Social care reform failings dubbed a ‘disgrace’ by former DH perm sec

Written by Jim Dunton on 14 November 2019 in News
News

Una O’Brien urges public to hold politicians to account for repeated failings in next month’s election

Una O’Brien Credit: Paul Heartfield / Dods

Former Department of Health permanent secretary Dame Una O’Brien has launched a scathing attack on the failure of successive governments to progress proposals to reform social care.

Directing her comments specifically at England, O’Brien – predecessor to current perm sec Sir Chris Wormald – urged the public to hold politicians to account for lacking the drive to push through reforms.

O’Brien was asked for her observations on the state of the National Health Service as part of a Radio 4 interview last night, on a day when Conservative Party and Labour Party funding pledges related to the health service had dominated headlines.


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As the perm sec for Andrew Lansley’s notoriously complicated coalition-era reforms, O’Brien noted tellingly that it was “absolutely clear” that attention could get diverted from patient-centred care by “focusing just on the management infrastructure and the organisations within the NHS”.

But her observations became scathing in relation to social care reform – left untackled both by the then Labour government following 1999’s Sutherland Commission that recommended free personal care, and subsequent administrations.

Under the coalition government, then-prime minister David Cameron commissioned former Institute for Fiscal Studies director Andrew Dilnot to make recommendations to reform the funding of social care – such as residential home places for the elderly that are not covered by the NHS.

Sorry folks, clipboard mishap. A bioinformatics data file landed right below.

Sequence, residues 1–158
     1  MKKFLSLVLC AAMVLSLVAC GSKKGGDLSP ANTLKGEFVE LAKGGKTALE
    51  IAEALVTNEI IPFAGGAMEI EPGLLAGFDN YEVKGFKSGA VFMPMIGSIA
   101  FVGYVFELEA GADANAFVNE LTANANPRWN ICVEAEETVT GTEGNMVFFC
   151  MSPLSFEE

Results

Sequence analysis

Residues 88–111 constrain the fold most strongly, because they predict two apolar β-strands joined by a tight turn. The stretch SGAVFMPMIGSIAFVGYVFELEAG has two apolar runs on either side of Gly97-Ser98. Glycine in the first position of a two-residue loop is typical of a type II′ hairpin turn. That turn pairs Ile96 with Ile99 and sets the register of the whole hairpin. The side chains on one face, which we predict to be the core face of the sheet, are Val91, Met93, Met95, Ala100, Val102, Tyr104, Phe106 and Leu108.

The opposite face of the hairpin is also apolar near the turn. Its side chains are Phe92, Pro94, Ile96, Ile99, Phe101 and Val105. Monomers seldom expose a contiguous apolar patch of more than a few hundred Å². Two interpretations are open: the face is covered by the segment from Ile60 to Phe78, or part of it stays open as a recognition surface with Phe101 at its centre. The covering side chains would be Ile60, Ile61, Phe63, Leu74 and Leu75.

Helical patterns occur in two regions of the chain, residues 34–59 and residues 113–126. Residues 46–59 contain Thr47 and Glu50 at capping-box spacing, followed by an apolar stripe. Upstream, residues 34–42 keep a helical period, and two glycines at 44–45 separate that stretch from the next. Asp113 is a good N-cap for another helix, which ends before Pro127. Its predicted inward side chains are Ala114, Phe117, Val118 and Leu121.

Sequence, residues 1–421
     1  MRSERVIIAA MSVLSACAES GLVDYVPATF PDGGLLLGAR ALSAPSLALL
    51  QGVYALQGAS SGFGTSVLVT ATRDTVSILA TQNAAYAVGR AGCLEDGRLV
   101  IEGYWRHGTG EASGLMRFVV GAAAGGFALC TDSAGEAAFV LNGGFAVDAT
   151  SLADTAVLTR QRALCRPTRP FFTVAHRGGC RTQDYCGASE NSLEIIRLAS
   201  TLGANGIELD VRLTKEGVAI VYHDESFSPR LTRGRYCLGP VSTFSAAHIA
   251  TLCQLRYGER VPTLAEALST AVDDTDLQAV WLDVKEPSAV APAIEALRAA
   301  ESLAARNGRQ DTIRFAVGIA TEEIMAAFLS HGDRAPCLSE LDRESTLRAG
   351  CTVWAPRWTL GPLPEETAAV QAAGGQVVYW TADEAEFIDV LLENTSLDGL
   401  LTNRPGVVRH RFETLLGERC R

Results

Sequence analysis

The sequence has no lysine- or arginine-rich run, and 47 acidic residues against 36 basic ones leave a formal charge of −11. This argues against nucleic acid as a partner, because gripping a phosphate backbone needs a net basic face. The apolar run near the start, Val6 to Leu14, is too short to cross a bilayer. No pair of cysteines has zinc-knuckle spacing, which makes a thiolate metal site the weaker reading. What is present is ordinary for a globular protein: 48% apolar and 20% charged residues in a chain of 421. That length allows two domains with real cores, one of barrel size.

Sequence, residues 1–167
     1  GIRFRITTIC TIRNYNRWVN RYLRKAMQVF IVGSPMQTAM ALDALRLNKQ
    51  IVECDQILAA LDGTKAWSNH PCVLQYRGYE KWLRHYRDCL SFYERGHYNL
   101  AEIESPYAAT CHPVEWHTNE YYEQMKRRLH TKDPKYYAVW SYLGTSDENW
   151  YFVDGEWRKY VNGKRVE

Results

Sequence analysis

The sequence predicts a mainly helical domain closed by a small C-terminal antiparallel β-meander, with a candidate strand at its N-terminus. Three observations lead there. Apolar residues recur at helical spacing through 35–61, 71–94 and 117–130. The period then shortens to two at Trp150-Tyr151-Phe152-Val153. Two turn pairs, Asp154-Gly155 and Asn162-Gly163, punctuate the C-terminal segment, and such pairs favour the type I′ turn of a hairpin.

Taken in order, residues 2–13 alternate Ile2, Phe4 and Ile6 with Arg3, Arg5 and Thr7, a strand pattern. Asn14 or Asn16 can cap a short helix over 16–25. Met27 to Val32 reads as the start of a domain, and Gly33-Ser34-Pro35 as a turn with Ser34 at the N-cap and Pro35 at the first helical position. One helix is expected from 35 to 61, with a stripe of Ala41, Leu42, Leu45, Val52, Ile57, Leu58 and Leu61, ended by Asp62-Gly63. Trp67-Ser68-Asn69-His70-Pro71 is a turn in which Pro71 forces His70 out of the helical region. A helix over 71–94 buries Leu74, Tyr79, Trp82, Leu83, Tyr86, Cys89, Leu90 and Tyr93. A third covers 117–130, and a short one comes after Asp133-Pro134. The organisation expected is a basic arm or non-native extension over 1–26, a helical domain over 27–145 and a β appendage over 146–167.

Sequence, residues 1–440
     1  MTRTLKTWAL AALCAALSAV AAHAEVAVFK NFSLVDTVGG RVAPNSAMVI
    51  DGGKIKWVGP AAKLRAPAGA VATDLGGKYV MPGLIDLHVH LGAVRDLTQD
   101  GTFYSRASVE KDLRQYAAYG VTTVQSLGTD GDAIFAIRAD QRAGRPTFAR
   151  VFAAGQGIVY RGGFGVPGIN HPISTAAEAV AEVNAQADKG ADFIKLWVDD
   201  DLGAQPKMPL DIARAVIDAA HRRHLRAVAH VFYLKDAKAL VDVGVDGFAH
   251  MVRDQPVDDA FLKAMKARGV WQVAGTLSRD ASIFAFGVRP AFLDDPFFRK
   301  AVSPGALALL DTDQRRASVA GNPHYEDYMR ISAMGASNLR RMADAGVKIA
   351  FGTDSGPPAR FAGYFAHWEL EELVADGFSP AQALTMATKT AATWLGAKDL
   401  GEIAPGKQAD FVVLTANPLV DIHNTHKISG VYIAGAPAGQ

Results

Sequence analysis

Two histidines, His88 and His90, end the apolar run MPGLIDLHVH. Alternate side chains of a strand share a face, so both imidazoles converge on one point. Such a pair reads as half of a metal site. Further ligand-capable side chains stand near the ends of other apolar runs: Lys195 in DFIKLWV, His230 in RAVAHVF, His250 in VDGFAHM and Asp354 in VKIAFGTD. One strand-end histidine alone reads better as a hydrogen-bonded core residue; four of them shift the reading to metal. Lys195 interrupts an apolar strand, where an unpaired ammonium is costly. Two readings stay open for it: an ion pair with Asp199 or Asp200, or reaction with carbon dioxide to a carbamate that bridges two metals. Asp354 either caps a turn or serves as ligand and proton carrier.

But his 2011 recommendations, which included a “care cap” to protect people from catastrophic lifetime costs that was subsequently set at £72,500 went unimplemented by Cameron.

Less generous proposals to reform social care funding became a bane for Cameron’s successor Theresa May during her 2017 snap election, when they were dubbed a “dementia tax” before being dropped ahead of a social care green paper that has yet to materialise.

O’Brien told The World Tonight that while reform was necessary, the public did not trust politicians to take proper care of the NHS.

Asked what key points she would push reform for, given a free rein, she said she would prioritise solutions for services such as residential care, help with washing and dressing for older people, and assistance to help

“I would sort out the disgrace that is social care funding in England,” she said.

“I cannot understand why we’re still waiting for proper proposals and I think the public need to be very tough on the politicians in the election.”

Elsewhere in her observations, O’Brien said she believed more NHS care needed to be moved out of hospitals and delivered in the community. However she noted that hospitals were a “very visible emanation of the NHS” that people became “determined to protect” when it was suggested that local services were closed or changed.

Separately, NHS waiting-time statistics published today said more patients than ever before were on waiting lists in England, while delays in A&E had hit their worst level since records began.

The NHS England statistics for September said 4.42m people were on waiting lists at the end of the month, while A&E wait-time targets, which call for 92% of patients to be seen within four hours had not been met since 2015.

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